Gifts and Nations
reviewed by Margaret Mead - 1970
This is a complex and significant book, concise, but multi-level. It is based upon work done by Dr. Dillon for his dissertation at Teachers College in the Department of Foundations of Education, and it reflects happily upon the scope which has been traditionally allowed at Teachers College to students of wide-ranging skills and interests. The book is a study at three levels, field work of a most unusual kind: the intimate study of the responses of a French industrialist to American technological advice, a critical use of the ideas of the French anthropologist, Marcel Mauss, about gift exchange among pre-literate peoples, and the development of a theory of the role of reciprocity in the relationship between modern nations, France and the United States. Its uniqueness lies in the combination of using French anthropological theory to interpret French behavior, as we move from an armchair French anthropologist's musings through modern American style field work study of a particular situation, to the level of international relations. The use of pre-literate models for the study of complex peoples is of course not new; it was developed extensively during World War II, particularly in the Columbia University Research in Contemporary Cultures, inaugurated by the late Ruth Benedict; and Wilton Dillon during his early student days at Teachers College was in contact with the terminal years of that project.1
We were not yet as keenly aware as we are today of the way in which anthropological theory reflected the traditions of a particular society. This has become increasingly clear in the work of Levi-Strauss and with a re-examination of the work of Durkheim and Levy Bruhl. Dr. Dillon's study is a link between these earlier researches, based upon extensive interviewing of a large number of French people, where his is a much more intensive study of a single representative individual, and later understanding of anthropological traditions.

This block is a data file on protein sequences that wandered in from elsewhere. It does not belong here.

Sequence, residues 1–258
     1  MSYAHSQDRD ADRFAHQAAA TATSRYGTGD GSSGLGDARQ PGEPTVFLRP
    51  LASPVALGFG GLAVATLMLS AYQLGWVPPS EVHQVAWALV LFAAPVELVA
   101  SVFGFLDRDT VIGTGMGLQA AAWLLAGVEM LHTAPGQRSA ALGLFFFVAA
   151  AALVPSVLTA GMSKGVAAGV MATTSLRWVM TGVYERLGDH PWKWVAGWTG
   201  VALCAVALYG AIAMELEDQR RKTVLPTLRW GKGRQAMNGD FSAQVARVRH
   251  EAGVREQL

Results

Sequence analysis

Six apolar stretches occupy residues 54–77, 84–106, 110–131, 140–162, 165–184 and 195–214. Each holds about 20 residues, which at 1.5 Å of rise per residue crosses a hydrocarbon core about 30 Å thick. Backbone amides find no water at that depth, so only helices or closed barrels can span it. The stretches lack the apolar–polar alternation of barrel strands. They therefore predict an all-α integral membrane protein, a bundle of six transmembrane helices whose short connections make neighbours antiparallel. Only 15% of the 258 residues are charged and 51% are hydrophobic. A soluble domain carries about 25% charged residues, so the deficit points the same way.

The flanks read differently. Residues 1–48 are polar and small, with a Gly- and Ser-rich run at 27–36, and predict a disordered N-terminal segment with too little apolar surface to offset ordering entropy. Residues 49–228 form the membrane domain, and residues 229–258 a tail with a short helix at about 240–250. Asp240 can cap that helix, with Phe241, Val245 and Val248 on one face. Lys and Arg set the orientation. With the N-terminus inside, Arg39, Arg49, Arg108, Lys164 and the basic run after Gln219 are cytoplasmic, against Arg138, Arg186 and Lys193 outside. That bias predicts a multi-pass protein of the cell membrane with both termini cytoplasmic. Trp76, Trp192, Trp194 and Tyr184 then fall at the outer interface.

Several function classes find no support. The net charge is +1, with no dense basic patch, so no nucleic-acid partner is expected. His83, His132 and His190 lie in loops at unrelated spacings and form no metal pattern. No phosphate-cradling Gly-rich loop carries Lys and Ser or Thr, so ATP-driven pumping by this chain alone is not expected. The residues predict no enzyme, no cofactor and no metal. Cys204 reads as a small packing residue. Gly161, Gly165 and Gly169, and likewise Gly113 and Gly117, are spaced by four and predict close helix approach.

Dr. Dillon had spent three years in liaison work in Japan before beginning his graduate work. He approached France initially as an anthropology student interested in problems which he initially discussed with the late Alfred Métraux, the Unesco emphasis on the need "to study possible methods of relieving tensions caused by the introduction of modern techniques in non-industrialized countries and those in the process of industrialization." In the role of English tutor and avowed student of his senior pupil, a French industrialist family head, former military man, and Roman Catholic, Dillon was able to explore a relationship in which he was given lunch in return for tutoring—food for knowledge—which later became an exchange of knowledge for knowledge. After his informant, Monsieur B., returned from a visit to American industrial plants, Dillon was able to interview the other thirteen members of the team. The study of his informant's response to the "gifts" from the United States, military aid, the Marshall plan, and the specific technical help accorded French industrialists, with the accompanying comments on the position of France in the world, vis-à-vis the United States constitutes the substance of his study.
Marcel Mauss had emphasized the whole process of interchange as a basic social process, an emphasis which Professor Claude Levi-Strauss has continued, and it is upon this feature of relationships between nations that Wilton Dillon focuses in his study, the unease that results, between nations as well as between individuals or smaller groups, when the exchange is one-sided and cannot be reciprocated appropriately. The specific aspects of such a type of exchange, as developed here, are French, and a wider comparative study would show, I believe, that there are many other styles which come into play when other cultures are involved, with the Soviet Union for example, which includes the Russian indifference to reciprocity.